Maybe, like myself, you are excited to go to a concert or any other place that might have a large crowd, but would you be able to fly a drone over the crowd? I’ve done my research and here is what I discovered.
According to the FAA, both recreational pilots and commercial pilots are not allowed to fly drones directly over people unless they are participating in the activity. However, the FAA now allows for the Part 107 licensed pilots to apply for a waiver that could allow pilots to fly over people.
Keep reading to find out more about flying over people and new laws that will allow this to happen.
Can I Fly My Drone Over People?
Drones are flying mechanical devices, and because of this, they would do quite some damage if you were to fly into someone.
The FAA is in charge of regulating the Airspace above the entirety of the United States of America, and they have deemed it dangerous for these remotely piloted machines to fly over people.
On the FAA website, they clearly state that recreational pilots are not allowed to fly over ANY person or moving vehicles that aren’t involved in the activity. This includes flying over a busy street packed with cars. If there’s a chance you’ll fly over a car, then don’t take the risk.
You are, however, allowed to fly your drone over people who are directly participating in the flight. These people may be your family, or crew members of a specific shoot, and of course yourself.
Basically the people you are allowed to fly over would have given you consent to fly over them, and thus if something were to happen, they would have given you prior permission to fly over them.
Are You Allowed To Fly Over People With a Part 107 License?
The FAA now allows for licensed pilots under Part 107 to request for a waiver to be able to fly over people.
This is known as the Part 107.39 waiver. Many people complain about this because the FAA actually gives very little guidance on how to obtain this waiver and also have denied many pilots who have requested the waiver.
The 107.39 waiver to fly over people is the second most requested waiver behind the night waiver.
It may be hard to get but this, but the waiver is not impossible to get! Once you get permission to fly a drone over people you will be free to film some pretty amazing stuff.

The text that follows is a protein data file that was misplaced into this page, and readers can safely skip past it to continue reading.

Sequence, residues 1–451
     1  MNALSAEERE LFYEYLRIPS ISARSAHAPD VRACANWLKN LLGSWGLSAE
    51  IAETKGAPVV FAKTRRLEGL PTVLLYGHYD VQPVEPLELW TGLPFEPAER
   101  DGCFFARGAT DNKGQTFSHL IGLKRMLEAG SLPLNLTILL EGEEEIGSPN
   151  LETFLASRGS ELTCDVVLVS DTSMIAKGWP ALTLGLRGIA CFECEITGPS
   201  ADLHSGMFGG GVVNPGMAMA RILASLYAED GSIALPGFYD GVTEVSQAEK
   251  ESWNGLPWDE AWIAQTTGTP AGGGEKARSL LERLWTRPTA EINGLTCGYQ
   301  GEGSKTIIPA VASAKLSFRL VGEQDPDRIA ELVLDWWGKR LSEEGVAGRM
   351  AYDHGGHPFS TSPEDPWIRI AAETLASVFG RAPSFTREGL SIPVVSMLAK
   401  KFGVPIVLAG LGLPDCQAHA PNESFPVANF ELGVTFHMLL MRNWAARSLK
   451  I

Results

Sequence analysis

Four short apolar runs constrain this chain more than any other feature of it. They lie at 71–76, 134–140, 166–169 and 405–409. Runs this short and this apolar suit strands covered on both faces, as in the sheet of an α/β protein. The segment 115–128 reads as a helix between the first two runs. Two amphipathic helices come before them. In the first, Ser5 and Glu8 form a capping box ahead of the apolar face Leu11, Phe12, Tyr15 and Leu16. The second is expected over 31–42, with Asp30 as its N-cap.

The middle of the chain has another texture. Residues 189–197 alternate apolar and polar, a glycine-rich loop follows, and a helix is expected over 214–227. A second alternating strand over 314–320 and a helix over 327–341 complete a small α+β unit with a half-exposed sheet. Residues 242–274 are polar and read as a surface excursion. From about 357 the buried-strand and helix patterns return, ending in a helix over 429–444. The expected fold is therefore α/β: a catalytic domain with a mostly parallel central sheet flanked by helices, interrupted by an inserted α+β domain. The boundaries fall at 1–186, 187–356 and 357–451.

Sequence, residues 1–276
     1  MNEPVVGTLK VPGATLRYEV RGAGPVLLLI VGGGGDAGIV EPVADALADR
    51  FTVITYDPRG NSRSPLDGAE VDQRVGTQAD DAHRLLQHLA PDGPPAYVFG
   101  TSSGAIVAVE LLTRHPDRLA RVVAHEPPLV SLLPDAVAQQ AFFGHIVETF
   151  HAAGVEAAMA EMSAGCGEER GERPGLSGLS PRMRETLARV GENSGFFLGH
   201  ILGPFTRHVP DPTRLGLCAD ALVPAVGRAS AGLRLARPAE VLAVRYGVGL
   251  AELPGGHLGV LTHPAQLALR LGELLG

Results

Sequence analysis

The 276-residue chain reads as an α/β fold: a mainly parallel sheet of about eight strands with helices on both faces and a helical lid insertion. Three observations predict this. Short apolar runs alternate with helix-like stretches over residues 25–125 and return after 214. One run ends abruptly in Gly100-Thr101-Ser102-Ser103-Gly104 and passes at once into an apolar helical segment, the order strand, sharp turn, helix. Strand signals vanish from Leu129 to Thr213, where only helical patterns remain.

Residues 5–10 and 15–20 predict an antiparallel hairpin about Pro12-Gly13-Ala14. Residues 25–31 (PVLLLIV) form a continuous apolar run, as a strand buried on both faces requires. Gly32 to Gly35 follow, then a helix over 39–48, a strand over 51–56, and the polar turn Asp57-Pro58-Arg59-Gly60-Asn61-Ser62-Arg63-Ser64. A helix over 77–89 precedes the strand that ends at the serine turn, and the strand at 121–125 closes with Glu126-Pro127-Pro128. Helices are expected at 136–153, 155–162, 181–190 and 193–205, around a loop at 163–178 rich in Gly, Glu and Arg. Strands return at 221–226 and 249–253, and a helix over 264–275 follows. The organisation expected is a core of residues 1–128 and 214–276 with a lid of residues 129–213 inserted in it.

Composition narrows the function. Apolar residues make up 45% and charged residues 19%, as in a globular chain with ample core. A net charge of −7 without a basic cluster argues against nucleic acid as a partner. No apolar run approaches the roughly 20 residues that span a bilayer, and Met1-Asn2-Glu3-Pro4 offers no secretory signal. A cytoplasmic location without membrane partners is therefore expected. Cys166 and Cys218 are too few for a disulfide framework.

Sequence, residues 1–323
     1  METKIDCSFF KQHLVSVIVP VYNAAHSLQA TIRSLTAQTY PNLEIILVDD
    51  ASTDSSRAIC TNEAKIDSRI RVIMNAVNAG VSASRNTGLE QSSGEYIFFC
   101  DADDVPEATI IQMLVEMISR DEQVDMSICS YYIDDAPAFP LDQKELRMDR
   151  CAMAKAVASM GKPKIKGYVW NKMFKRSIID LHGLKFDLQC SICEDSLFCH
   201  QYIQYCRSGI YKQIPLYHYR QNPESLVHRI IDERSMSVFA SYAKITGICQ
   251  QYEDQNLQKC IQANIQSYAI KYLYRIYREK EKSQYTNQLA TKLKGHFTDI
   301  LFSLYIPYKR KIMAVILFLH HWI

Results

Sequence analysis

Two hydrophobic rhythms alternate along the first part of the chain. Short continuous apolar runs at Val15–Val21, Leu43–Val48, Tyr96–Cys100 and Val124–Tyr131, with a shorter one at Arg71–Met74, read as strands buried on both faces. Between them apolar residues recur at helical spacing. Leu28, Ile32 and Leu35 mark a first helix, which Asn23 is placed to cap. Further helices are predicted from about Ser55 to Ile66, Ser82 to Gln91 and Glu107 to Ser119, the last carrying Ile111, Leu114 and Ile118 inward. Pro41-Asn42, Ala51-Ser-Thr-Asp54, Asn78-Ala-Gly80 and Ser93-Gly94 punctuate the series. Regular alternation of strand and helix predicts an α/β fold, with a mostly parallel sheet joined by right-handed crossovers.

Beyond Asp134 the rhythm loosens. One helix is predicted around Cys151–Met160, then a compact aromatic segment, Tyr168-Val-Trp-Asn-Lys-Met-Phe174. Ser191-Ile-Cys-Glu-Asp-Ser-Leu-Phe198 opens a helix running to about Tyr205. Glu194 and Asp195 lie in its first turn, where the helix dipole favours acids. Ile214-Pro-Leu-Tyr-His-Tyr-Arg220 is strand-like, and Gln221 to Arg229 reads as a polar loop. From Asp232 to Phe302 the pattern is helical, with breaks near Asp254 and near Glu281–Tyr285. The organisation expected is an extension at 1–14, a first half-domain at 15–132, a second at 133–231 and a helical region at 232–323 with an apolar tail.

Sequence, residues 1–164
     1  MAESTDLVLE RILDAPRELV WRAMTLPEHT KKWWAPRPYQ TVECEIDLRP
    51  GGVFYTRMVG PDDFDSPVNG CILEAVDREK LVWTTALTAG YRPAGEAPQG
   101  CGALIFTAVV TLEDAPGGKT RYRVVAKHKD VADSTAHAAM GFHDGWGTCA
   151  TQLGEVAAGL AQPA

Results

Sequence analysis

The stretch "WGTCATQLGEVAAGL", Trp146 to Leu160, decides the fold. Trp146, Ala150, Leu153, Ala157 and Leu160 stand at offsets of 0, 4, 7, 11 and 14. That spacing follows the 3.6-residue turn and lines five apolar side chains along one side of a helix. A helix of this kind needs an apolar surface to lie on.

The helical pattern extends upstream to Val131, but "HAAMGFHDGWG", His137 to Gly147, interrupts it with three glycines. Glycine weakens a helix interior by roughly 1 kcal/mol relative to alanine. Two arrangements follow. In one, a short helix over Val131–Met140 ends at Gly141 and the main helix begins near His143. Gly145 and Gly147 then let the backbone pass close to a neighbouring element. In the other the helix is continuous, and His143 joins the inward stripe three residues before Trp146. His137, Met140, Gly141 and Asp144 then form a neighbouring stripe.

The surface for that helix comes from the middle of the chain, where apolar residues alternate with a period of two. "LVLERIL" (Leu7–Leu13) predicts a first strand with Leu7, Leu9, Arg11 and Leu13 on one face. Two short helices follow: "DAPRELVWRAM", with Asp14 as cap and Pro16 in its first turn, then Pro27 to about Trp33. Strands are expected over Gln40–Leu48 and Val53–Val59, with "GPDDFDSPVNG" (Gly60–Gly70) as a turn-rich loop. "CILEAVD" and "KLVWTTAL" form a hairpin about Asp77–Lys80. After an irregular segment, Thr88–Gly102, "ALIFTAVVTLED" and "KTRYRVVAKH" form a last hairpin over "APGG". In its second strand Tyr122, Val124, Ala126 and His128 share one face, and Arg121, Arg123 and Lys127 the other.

I would have loved to talk about this section and add in recreational pilots as well, but sadly if you want to ever be able to fly over people with a drone, you need to get yourself a Part 107 droning license.
As I mentioned above, Part 107 pilots have the ability to apply for waivers that allow them to ignore some of the FAA’s rules and regulations for a certain amount of time.
This is a big reason why a lot of droning enthusiasts end up getting their Part 107 licenses. When it comes to flights over people, first of all, you will always require a Part 107 remote pilot certificate that will always be required.
Can I Fly Over Vehicles? (Stationary & Moving)
The FAA states that along with flight over people, flight over moving vehicles is not allowed. However, this means that when a vehicle is stationary, pilots are then allowed to fly over the vehicle.
It doesn’t matter if the vehicle has people in it or not, as long as the vehicle is stationary, you are allowed to fly over it.
This is allowed because the FAA believes that there should be enough cover over a person’s head when sitting in a stationary vehicle. Whereas if they were standing outside the car, there would be no protection over that person.
And when it comes to moving vehicles, the flight is not allowed even though they still have the same type of protection as the stationary vehicle, but the laws of physics then come in to play.